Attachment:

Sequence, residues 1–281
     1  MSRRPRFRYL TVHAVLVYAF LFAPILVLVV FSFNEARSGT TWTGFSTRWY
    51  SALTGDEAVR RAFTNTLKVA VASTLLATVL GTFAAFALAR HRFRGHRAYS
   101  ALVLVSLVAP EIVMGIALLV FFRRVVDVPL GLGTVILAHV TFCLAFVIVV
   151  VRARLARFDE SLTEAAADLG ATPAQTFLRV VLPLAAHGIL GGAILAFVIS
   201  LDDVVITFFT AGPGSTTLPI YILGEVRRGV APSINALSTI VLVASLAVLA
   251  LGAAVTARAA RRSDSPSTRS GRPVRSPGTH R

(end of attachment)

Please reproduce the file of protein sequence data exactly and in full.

Sequence, residues 1–281
     1  MSRRPRFRYL TVHAVLVYAF LFAPILVLVV FSFNEARSGT TWTGFSTRWY
    51  SALTGDEAVR RAFTNTLKVA VASTLLATVL GTFAAFALAR HRFRGHRAYS
   101  ALVLVSLVAP EIVMGIALLV FFRRVVDVPL GLGTVILAHV TFCLAFVIVV
   151  VRARLARFDE SLTEAAADLG ATPAQTFLRV VLPLAAHGIL GGAILAFVIS
   201  LDDVVITFFT AGPGSTTLPI YILGEVRRGV APSINALSTI VLVASLAVLA
   251  LGAAVTARAA RRSDSPSTRS GRPVRSPGTH R